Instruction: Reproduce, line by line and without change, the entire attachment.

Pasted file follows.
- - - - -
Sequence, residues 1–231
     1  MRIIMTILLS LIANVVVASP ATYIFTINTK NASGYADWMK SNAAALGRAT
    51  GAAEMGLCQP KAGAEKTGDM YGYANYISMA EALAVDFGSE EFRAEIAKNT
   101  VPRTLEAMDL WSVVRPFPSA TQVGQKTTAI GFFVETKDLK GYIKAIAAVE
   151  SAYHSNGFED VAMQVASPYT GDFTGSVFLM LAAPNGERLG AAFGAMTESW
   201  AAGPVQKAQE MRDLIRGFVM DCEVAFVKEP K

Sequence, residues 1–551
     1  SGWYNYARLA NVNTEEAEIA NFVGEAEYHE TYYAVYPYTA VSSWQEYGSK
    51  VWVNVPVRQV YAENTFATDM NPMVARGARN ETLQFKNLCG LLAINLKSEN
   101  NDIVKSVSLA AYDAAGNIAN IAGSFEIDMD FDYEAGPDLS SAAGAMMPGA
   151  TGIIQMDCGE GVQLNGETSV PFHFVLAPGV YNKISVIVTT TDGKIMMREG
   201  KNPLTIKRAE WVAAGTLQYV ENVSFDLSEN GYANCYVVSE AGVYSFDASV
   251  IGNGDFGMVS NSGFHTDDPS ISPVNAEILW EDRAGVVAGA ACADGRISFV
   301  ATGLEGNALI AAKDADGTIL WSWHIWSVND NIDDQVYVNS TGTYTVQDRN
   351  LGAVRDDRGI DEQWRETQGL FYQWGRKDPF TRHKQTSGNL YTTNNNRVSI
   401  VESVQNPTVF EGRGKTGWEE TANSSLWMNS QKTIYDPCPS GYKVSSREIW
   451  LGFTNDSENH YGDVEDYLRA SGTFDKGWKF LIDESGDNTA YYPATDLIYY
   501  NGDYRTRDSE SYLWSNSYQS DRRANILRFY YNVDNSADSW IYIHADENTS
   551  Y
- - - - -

Sequence, residues 1–231
     1  MRIIMTILLS LIANVVVASP ATYIFTINTK NASGYADWMK SNAAALGRAT
    51  GAAEMGLCQP KAGAEKTGDM YGYANYISMA EALAVDFGSE EFRAEIAKNT
   101  VPRTLEAMDL WSVVRPFPSA TQVGQKTTAI GFFVETKDLK GYIKAIAAVE
   151  SAYHSNGFED VAMQVASPYT GDFTGSVFLM LAAPNGERLG AAFGAMTESW
   201  AAGPVQKAQE MRDLIRGFVM DCEVAFVKEP K

Sequence, residues 1–551
     1  SGWYNYARLA NVNTEEAEIA NFVGEAEYHE TYYAVYPYTA VSSWQEYGSK
    51  VWVNVPVRQV YAENTFATDM NPMVARGARN ETLQFKNLCG LLAINLKSEN
   101  NDIVKSVSLA AYDAAGNIAN IAGSFEIDMD FDYEAGPDLS SAAGAMMPGA
   151  TGIIQMDCGE GVQLNGETSV PFHFVLAPGV YNKISVIVTT TDGKIMMREG
   201  KNPLTIKRAE WVAAGTLQYV ENVSFDLSEN GYANCYVVSE AGVYSFDASV
   251  IGNGDFGMVS NSGFHTDDPS ISPVNAEILW EDRAGVVAGA ACADGRISFV
   301  ATGLEGNALI AAKDADGTIL WSWHIWSVND NIDDQVYVNS TGTYTVQDRN
   351  LGAVRDDRGI DEQWRETQGL FYQWGRKDPF TRHKQTSGNL YTTNNNRVSI
   401  VESVQNPTVF EGRGKTGWEE TANSSLWMNS QKTIYDPCPS GYKVSSREIW
   451  LGFTNDSENH YGDVEDYLRA SGTFDKGWKF LIDESGDNTA YYPATDLIYY
   501  NGDYRTRDSE SYLWSNSYQS DRRANILRFY YNVDNSADSW IYIHADENTS
   551  Y